If you missed issue #7 of Lead Jammer magazine, then you missed Pulp Friction’s article on respecting your referees… catch up here!
Refs Are Human!
To us lowly amateur derby girls and guys, refs can sometimes seem pretty intimidating, they are the big kids in the schoolyard pushing the rest of us around, keeping us in check. And whilst I completely understand the need for them to remain detached, there is something eerily disconcerting about their deadpan faces as you get ready to bout, almost like the seriousness of the game rest squarely on their shoulders.
In this respect, I kind of feel sorry for them, because it’s just as nerve racking for them as it is for us, but they can’t even crack a smile or mess about like I find we all do during the warm ups and skate outs. For most of us, we make jokes and try to laugh when we feel nervous, probably in an attempt to convince ourselves that we are not about to fling ourselves at random strangers whilst strapped in a pair of skates!
So what does it feel like to have that taken away? It’s not really acceptable for the refs to dance around the inside of the track or playfully hip check each other, and ultimately I guess I’m glad, because I want them to take the game seriously – I want them to be watching intently when the opposition clockwise blocks our jammer! And I want them to call it!
Establishing a healthy distance from the bouting girls is the best thing the refs could do, but does that mean when the bout is over, the distance is still there? How hard is it to break that intimidation we feel towards the ref crew, and what is the best way to overcome that gap between the bouting teams and the monochrome clad individuals who pull us up on our misdemeanors? Is it silly to expect us all to hi-five each other at the end and act like a big old happy family? And do the refs even want that?
From what I have been told, the refs want their judgement to be taken seriously, they don’t want to appear biased or lenient and during bouts they want respect from the players, the NSOs the crowd and each other – which is their right. But once the last whistle is blown, the tape has been ripped up, and that first glorious pint is sitting on the bar, the time for distance is over. When they’ve stripped off their stripes they are just a man or a woman – exactly like us! (Albeit with an exceptional knowledge of derby rules!). So use that time to break down the barriers that have been put up during the bout and get to know your refs, they are human after all! (Well I’m pretty sure they are!! xx)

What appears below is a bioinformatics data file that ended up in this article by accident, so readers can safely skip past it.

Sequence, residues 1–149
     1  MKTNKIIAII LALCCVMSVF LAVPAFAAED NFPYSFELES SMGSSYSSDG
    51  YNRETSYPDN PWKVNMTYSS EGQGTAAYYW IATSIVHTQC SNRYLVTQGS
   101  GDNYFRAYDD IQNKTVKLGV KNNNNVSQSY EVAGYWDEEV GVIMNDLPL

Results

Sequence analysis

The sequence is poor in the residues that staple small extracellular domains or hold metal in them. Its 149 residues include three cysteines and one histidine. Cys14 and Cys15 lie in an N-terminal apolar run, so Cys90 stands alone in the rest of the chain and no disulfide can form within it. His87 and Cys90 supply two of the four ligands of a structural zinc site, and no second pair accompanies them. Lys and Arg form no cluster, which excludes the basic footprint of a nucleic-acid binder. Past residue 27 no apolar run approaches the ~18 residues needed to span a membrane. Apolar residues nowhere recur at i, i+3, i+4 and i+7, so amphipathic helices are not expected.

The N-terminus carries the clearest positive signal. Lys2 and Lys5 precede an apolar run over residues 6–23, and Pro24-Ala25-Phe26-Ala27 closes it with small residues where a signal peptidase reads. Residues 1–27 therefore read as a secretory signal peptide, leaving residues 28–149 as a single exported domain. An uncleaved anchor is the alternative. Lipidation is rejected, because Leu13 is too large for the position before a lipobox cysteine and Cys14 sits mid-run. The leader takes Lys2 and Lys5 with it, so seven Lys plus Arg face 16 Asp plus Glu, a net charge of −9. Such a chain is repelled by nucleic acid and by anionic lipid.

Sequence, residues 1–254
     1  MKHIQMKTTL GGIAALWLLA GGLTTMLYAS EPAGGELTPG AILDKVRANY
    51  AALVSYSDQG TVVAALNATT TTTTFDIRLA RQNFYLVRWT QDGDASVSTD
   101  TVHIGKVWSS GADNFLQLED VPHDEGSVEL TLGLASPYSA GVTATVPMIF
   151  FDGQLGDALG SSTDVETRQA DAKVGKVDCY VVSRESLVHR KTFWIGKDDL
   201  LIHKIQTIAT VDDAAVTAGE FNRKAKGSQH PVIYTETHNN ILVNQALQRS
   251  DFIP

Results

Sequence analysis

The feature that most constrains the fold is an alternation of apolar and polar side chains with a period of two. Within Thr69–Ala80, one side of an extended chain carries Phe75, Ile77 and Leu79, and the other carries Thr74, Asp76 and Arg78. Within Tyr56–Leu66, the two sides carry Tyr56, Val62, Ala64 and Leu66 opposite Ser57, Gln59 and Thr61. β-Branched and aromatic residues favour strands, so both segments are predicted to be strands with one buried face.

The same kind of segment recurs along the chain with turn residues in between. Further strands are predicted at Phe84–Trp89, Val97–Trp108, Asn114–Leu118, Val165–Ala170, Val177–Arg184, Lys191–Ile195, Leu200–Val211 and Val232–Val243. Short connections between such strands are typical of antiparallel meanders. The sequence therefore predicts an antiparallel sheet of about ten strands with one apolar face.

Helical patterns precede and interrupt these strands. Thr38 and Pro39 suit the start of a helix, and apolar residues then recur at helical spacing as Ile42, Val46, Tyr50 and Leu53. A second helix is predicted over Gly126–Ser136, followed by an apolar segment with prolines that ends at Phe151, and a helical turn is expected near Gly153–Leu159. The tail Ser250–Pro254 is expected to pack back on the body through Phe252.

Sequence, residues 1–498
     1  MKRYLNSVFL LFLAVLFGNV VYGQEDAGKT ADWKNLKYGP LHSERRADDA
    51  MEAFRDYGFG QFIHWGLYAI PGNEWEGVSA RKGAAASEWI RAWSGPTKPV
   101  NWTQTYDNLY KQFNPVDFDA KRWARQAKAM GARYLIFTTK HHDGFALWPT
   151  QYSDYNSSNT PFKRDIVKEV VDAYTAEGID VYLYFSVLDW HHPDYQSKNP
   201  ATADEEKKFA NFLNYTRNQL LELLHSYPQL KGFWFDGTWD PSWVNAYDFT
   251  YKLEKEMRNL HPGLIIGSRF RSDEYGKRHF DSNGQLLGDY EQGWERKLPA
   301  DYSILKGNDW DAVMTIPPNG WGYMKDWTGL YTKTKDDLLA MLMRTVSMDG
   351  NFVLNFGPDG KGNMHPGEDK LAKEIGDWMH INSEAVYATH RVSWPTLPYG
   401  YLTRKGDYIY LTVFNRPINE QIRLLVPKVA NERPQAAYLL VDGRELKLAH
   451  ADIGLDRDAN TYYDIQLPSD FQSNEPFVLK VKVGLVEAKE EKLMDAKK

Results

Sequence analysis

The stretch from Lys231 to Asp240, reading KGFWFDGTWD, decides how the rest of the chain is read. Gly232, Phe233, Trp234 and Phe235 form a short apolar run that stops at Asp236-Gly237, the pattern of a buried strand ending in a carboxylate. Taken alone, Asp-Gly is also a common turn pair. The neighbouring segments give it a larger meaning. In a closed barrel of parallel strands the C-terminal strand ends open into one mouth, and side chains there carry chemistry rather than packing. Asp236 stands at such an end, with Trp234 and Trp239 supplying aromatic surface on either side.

Unfortunately with the sweet comes the sour and after getting to know each other, we have to ask ourselves whether the lines blur between knowing a ref socially and then seeing them on track. In every sport, refs are brought in to make sure everyone is playing to the rules, but one question that frequently comes up; should refs be allowed to ref for their own team? Is that acceptable in any other sport? Would you see that in football for example? And how can we guarantee that there is no bias towards one side?
For many amateur teams, if we can’t use our own refs then we can’t bout. There are simply not enough refs to go around, and unfortunately the result of that is having no choice but to utilise what is right there on our doorstep. Some people might say that technically you shouldn’t ref for your own team because over time you become blind to your teams faults, that their style of play is so familiar you don’t watch out for everything you should, and maybe for some refs that is true, all I can say is that certainly isn’t the case in my team.